Writers are better liars than other people: true or false? Why, or why not?
False. Even when writers are lying, even when they're perpetrating a hoax in a certain way, they're trying to tell the truth. The demand of writing, of any form you choose to write in, is to get it right, to make the sentences work together, to make it sound believable, even to you. Even when you know writers are lying underneath all the masks of fraud, hoax, and vanity, they are nevertheless telling the truth in a way that someone who's trying to sell you something, whether it's a house or a hot watch, isn't.

Offer a favorite sentence or passage from another writer.
"There is always a social explanation for what we see in art. Only it doesn't explain anything important." (Albert Camus, Combat newspaper, 1947)

How did the last good book you read end up in your hands and why did you read it?
I read a review in MOJO magazine about a book called Bad Penny Blues by Cathi Unsworth. It's a novel about London from 1959 to 1965; in other words, it takes place during the emergence of the Beatles, swinging London, London bohemia, and the art world. It starts out with a spiritualist promise, where the heroine dreams crimes that then take place. This is the last sort of thing I'm interested in or find remotely convincing. And yet I'd read a previous book by her and she's a tremendous writer. When you're reading you have no sense of whether the writer is male or female, young or old — she completely inhabits her territory. So I kept reading. It's a murder mystery, it's a novel about friendship, it's a portrait of the city at a particular time, and it's absolutely alive. When I finished I wanted to read her next one, whatever it's about.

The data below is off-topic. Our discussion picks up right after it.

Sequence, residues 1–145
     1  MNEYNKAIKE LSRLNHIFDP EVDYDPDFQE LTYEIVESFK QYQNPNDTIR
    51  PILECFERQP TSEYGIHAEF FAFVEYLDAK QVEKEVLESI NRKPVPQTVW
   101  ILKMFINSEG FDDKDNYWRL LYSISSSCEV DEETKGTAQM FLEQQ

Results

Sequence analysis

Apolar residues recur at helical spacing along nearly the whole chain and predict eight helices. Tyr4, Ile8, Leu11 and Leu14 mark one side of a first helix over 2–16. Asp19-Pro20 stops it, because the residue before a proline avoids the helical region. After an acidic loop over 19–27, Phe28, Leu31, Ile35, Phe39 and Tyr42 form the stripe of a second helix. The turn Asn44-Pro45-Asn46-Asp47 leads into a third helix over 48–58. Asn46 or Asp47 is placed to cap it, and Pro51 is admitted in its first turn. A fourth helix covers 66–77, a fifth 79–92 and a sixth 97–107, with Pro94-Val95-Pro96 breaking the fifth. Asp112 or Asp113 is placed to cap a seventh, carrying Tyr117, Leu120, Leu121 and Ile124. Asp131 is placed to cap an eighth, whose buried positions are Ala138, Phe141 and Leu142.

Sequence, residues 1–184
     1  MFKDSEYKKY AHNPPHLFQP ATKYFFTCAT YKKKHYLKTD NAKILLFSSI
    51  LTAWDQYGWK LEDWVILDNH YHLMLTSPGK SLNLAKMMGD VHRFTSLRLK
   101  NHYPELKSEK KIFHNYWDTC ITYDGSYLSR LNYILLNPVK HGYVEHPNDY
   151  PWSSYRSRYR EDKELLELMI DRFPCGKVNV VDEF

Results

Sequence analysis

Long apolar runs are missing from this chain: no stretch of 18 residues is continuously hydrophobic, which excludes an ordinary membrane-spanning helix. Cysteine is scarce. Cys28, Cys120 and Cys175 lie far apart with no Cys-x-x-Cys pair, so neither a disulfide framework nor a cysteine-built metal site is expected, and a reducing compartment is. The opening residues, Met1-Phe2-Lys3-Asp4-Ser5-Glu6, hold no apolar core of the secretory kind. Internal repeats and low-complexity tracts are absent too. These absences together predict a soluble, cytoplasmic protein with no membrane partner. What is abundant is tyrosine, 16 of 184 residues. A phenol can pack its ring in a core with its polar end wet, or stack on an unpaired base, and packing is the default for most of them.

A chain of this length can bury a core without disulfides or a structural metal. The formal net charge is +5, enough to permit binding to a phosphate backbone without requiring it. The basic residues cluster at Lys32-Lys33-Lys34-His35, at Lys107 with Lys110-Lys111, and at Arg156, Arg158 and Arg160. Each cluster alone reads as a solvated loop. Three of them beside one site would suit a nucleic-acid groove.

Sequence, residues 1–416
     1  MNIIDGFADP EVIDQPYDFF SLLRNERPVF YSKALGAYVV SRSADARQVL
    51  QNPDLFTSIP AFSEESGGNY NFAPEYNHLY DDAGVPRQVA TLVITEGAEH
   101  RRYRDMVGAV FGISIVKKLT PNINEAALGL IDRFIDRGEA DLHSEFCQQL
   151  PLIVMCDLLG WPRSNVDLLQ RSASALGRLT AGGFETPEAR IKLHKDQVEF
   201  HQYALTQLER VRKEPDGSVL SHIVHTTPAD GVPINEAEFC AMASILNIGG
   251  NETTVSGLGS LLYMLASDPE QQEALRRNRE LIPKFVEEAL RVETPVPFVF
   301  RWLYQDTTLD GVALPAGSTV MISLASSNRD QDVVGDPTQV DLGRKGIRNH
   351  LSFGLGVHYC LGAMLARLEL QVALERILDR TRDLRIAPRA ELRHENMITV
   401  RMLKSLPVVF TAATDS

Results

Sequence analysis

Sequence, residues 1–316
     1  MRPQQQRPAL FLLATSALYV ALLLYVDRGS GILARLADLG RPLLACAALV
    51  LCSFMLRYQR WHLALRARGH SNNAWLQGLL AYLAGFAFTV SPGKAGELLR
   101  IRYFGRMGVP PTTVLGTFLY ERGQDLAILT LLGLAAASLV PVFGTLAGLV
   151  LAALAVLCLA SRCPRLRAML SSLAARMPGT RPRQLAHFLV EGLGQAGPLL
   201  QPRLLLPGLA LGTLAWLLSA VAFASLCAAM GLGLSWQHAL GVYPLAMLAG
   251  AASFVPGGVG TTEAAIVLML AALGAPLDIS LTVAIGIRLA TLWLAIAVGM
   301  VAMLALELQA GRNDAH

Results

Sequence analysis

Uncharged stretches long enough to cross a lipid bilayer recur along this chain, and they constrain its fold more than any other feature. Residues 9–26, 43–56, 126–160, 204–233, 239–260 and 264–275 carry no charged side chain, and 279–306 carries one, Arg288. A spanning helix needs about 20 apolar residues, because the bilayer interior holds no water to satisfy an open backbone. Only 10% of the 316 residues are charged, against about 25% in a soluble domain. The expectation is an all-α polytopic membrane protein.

Have you ever made a literary pilgrimage?
I'm a great believer in what I've always called ambient research. You go to a place where something you're interested in or writing about happened and you look around, because there will be something there, some detail in the architecture, the people, the neighborhood, the color of the building, or the room, that no one would've thought to tell you about. No one else would've felt was interesting. The most interesting literary pilgrimage I ever made was to the Cabaret Voltaire, the great Dada night club from 1916 Zurich. When I first got to Zurich I walked across the river, found my way to the site, and found a plaque. No one would've ever thought to tell me that in 1983 the cabaret was occupied by a teen and 20s disco. I just thought that was so perfect.

Share an interesting experience you've had with one of your readers.